Now that you know how many calories you burn in a day, the next step is to decide if you want to lose or gain weight.
How many calories should you eat to lose weight?
If you are trying to lose weight, I recommend eating around 400-500 calories less than you burn daily. That calorie deficit should lead to a weight loss of about 1 pound per week, which is a very healthy and sustainable weight loss.
I know it can be tempting to lower your daily calorie intake more if you are trying to lose weight, but it’s not a good idea. When you lose weight quickly by restricting your calories, you also lose muscle mass, and the weight you lose is much more likely to come right back (as fat) as soon as you stop dieting.
Instead, add more physical activity to your daily routine. Even just 15-30 minutes of light to moderate exercise such as walking can burn calories, increase your metabolism, and help you reach your goal weight.
To learn more about healthy calorie deficits, read our guide Can Eating Too Little Make You Gain Weight?
How many calories should you eat to gain weight (muscle)?
If you want to gain muscle, start out at 500 calories/day more than your maintenance calories and see what happens. If you find that you are also putting on a little too much fat, decrease your calories slightly.
Just like weight loss, healthy weight gain should happen slowly. If you want to gain weight and add muscle mass without adding (much) fat, focus on eating a healthy diet, incorporate exercise (and especially resistance training) into your daily routine, and aim for a caloric intake that’s only slightly higher than your maintenance calories.
How accurate is this formula?
While this calorie calculator is quite accurate for most people, it is based on an “average” person and therefore isn’t perfect for everyone.
It doesn’t take differences in natural metabolism into account, so if you have a particularly high or low metabolism (for example because of thyroid disease), the result from this formula won’t be accurate.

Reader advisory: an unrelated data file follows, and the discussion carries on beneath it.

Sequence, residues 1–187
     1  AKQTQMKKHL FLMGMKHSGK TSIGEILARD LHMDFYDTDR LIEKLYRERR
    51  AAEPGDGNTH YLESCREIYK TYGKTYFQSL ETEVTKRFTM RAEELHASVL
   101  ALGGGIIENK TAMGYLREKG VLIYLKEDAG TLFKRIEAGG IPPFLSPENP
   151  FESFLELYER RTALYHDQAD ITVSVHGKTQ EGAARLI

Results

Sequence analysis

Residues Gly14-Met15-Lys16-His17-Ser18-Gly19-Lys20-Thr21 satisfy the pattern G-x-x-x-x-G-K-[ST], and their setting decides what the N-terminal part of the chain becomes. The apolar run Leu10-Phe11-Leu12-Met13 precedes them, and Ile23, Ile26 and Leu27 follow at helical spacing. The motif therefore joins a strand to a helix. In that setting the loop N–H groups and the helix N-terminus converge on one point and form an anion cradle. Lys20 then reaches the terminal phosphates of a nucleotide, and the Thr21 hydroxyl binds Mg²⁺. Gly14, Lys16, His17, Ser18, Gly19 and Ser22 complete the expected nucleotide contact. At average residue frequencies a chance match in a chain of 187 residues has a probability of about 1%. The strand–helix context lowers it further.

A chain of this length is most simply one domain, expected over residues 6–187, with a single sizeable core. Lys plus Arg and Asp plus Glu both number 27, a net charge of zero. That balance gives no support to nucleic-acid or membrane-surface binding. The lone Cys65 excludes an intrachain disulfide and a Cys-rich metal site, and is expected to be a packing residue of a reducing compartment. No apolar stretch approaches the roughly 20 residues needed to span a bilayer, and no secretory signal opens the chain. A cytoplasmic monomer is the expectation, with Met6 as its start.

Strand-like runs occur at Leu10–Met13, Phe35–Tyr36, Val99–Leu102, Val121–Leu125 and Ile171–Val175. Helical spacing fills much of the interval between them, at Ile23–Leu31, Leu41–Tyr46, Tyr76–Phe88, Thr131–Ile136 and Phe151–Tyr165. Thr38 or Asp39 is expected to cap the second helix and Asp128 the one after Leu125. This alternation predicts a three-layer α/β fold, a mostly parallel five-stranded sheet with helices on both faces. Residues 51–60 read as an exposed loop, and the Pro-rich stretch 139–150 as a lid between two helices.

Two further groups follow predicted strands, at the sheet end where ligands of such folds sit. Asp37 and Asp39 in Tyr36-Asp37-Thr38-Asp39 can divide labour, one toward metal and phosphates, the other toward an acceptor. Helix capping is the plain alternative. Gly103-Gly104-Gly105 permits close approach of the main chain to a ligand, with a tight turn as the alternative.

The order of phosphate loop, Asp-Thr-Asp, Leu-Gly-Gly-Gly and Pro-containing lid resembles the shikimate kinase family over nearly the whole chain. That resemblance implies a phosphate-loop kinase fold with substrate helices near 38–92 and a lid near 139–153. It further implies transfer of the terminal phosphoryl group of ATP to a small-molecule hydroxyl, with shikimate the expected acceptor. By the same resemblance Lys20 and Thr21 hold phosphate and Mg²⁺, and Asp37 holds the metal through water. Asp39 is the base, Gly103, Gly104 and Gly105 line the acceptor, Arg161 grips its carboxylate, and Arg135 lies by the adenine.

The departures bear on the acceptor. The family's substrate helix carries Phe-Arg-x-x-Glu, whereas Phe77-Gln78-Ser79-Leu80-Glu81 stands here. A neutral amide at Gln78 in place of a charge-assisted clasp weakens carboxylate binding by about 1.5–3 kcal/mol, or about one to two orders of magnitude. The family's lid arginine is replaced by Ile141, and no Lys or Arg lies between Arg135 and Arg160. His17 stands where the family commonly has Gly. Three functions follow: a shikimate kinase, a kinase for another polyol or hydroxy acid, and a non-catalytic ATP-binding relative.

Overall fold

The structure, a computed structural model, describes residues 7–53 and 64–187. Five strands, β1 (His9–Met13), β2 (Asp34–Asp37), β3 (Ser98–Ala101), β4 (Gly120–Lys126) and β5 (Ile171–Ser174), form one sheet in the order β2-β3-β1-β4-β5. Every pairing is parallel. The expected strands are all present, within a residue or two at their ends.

Because your natural metabolism declines as you age, the formula also tends to underestimate how many calories teenagers need and overestimate the daily calorie requirements for people older than 60.
It’s also the most accurate for people who are close to the “average weight”. If the result of your calculation is that you need less than 1,400 daily calories or more than 2,500 daily calories to maintain your current weight, then it’s recommended that you talk to your doctor or dietitian before making any changes to your diet.
Frequently asked questions
There are roughly 3,500 calories in 1 pound of body fat. This means that, in principle, you will lose 1 pound per week with a calorie deficit of 500 calories/day (3,500 calories/week).
In reality, weight reduction is often a little slower than this as your body adjusts dynamically to any calorie reductions by lowering your metabolism.
It can be very hard to know how much you are actually eating without counting calories. Research shows that people eating in fast-food restaurants underestimate how many calories are in their meal by up to 500 calories.
You can use apps such as MyFitnessPal or Lifesum to track your daily calorie intake (and daily activity).
To ensure you reach your daily calorie targets, it’s also a good idea to follow a meal plan. You can either create your own or simply pick one from my meal plan library.